The Polynesians, like many other breeds, worked themselves into a great state of horror when there was darkness, and during the phenomena they drummed, cried and called upon their deity. Samoa did not practice the same kind of magical practice as other Melanese groups, as the mage was much more refined.
He used his way of working magical power to communicate through his own physical being with his divine being, who was forcibly distorted and shaken. The" God" always demanded a gift of considerable value, such as a plot of ground, a paddle or other belongings, and when the clergyman by chance knew of a particularly precious item that belonged to the one who felt enchanted himself, he determined that the belongings should be given to the" God": "This claste of clergy was known as Taula-aitu, and it also traded as doctors.
Max Freedom Long went to the countryside of Hwaii in 1917 as a schoolteacher and was intrigued by the notion of uncovering the mysteries that had been destroyed in the 19th cent. He had also studied the old tradition of using some life force to recharge woodblocks, using the poles in battle and giving the enemies a kind of electrocution that knocked them out.
Long found it hard to get accurate information about Hawaii' s magical powers, as the law of Hawaii had banned them many years previously through stricture against so-called wizardry and warlock. Long, however, went on to study the issue even after he left Hawaii in the 1930'. His most precious hints were found in the language of Hawaii and he described the kahunas and the use of nymph.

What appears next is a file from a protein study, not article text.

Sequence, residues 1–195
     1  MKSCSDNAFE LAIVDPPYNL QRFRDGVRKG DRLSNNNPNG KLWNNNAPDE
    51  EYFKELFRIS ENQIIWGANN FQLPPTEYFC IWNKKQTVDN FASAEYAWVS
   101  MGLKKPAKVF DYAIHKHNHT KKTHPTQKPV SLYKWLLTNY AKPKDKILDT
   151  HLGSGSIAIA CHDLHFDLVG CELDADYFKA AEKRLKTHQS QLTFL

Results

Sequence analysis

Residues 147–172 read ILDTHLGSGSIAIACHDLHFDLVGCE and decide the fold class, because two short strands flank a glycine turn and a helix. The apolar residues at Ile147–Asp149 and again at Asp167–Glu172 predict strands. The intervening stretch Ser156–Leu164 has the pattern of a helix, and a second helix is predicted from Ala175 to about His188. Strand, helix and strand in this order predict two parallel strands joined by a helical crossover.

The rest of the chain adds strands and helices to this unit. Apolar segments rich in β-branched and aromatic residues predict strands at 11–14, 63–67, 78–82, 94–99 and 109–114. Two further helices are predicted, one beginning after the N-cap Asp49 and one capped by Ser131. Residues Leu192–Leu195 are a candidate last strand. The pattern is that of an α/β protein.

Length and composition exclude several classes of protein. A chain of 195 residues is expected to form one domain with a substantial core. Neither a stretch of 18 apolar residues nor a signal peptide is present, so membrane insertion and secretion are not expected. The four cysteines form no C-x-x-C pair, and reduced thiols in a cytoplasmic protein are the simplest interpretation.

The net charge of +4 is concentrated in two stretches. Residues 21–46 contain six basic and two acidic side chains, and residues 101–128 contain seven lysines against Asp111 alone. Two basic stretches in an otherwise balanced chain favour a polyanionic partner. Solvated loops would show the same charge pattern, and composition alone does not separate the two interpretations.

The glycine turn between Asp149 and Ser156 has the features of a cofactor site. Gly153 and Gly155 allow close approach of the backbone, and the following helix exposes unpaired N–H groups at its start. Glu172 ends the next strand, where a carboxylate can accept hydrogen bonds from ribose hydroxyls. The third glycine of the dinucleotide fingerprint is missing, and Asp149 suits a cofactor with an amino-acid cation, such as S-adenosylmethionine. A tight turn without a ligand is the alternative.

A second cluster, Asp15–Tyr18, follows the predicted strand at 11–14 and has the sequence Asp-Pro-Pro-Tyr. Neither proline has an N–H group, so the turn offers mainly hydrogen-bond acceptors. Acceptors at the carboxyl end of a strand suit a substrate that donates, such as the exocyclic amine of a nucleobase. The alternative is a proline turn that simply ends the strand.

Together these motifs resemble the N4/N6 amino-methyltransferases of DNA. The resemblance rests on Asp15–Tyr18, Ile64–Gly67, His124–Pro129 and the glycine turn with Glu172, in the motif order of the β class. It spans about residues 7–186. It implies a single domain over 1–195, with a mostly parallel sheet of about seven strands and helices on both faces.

Finally, Long thought he had re-discovered the mysteries of Polynesian magick, and the notions of a high, low and medium self or alias object, through which force, qigong, was created and used for magical ends. He gathered his findings with information on psychological phenomens in the psychological research and first published his findings in a brief work, Re-covering the Ancient Magical, in 1936.
Since its inception, the Fellowship has grown into one of the leading research and experimental fellowships in Polynesian magical research, now run by Professor Dr. R. Huna Research, Inc. Long's theory of huma and the theory of humanity makes an interesting analogy with the research of Baron Karl von Reichenbach to a life energy, which he called "od", and similarities can also be found in the 19th c. concept of 19th c. animals' magneticity.
1952 George Sandwith, a UK radiesthesiologist who was acquainted with Long's work, came to the South Sea Islands and did his own study of magical practice. At Fiji he studied firewalks ( "fire immunity") first-hand and debated the idea of manifestation or life force with a priest.
It has also been studying the Fijian tombstones, or the old phallus rocks, which are considered ancestor spirit sanctuaries, and their magical use. His first-hand experience of using it in the magical world was when he was enchanted by a chieftain. Unlike the Polynesian legends and customs in Europe, these wealthy stories are now used as a means of expanding the creative potential of young people, especially US-Americans.
Today Polynesia is largely influenced by Catholics and Protestants, whereby some conventional convictions and legends have been integrated into Western European socialism. "Polynesian legends and folk tales to promote cultural vision and creativity. Gall, Timothy, ed. "Polynesia. The restoration of ancient magic.